Students survey safety on campus during Nightwalk

Groups of flashlight-toting students filled the dark corners of campus Tuesday night to raise safety awareness and address security concerns.

As part of the Campus Nightwalk, about 30 people split into six groups, each of them armed with campus maps, notebooks and pencils in order to record any security issues they might encounter -from lighting issues, to broken door locks, to cracks on the sidewalks.

The event was organized by Student Government with the participation of the student group Necessary Improvements to Transform our Environment (NITE), Residence Hall Association and the University Police.

“It’s good to be out here with the students,” said UP Lieutenant Joe Anderson. “Part of my purpose out here is so I can answer any questions they may have about security.”

NITE President Sarah Austin said she felt the event was very important for students who may feel uncomfortable walking through some areas of campus, such as poorly lit parking lots.

“It’s about students taking responsibility,” she said.

Austin said that something as simple as making a parking lot brighter could prevent incidents and make students feel safer about the environment on campus.

“Anything that can be done to improve the environment is important,” Austin said.However, according to NITE Vice President Carissa Caricato, even when resources such as emergency phones are available, many students are unsure of their purpose and how to use them.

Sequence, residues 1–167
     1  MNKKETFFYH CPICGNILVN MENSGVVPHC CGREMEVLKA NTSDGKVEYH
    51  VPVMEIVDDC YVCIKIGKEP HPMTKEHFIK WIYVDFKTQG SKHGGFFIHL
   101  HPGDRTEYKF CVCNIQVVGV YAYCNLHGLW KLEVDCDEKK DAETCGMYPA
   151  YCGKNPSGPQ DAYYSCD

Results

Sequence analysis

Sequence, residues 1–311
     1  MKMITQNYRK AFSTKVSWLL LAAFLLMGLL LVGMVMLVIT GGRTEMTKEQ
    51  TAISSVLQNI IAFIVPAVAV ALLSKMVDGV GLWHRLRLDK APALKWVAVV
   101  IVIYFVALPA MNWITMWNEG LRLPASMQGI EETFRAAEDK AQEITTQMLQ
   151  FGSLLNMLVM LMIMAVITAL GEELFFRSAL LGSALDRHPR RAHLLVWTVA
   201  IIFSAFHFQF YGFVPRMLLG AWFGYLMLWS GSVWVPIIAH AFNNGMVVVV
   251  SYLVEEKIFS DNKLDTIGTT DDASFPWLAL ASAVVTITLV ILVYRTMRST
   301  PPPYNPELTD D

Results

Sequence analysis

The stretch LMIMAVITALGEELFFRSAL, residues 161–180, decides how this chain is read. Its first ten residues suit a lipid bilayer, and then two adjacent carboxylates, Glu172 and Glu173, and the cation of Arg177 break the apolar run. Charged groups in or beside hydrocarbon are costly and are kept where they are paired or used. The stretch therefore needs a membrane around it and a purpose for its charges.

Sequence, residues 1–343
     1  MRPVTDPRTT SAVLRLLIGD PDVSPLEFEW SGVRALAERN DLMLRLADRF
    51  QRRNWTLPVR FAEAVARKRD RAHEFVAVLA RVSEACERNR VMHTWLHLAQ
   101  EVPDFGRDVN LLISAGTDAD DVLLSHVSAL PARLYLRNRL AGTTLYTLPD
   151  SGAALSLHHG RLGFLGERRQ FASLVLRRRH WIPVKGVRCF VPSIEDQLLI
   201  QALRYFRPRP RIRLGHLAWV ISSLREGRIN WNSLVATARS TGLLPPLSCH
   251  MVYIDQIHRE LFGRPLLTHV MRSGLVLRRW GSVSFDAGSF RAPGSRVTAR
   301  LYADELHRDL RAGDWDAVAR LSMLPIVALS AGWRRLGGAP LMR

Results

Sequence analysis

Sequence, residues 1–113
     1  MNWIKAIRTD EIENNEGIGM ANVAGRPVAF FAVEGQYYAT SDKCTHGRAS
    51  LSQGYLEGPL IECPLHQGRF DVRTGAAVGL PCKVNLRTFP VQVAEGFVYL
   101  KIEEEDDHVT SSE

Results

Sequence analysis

“We want to make sure we have students aware of the resources on campus,” she said.

The Residence Hall Association group, accompanied by Anderson, left from the Marshall Center to walk around the residence areas of Argos, Andros, Delta, Epsilon, Cypress and the Greek Village. According to Anderson, the blue lights are tested weekly. However, the blue light on top the first emergency phone, call box 33, was not flashing, but when Anderson pushed the button, a dispatcher answered giving the location.

According to Anderson, someone using a call box does not need to talk for the call to be registered, and the police are sent to the location.

The University is in the process of replacing nearly 80 percent of its current emergency phones with new units featuring brighter lights with a constant power source. These new phones will be located near the old models.

According to Caricato, the area around the Credit Union could benefit from brighter lights, and there could also stand to be more emergency phones.

“There are lots of areas that are well lit – just not enough blue lights,” she said.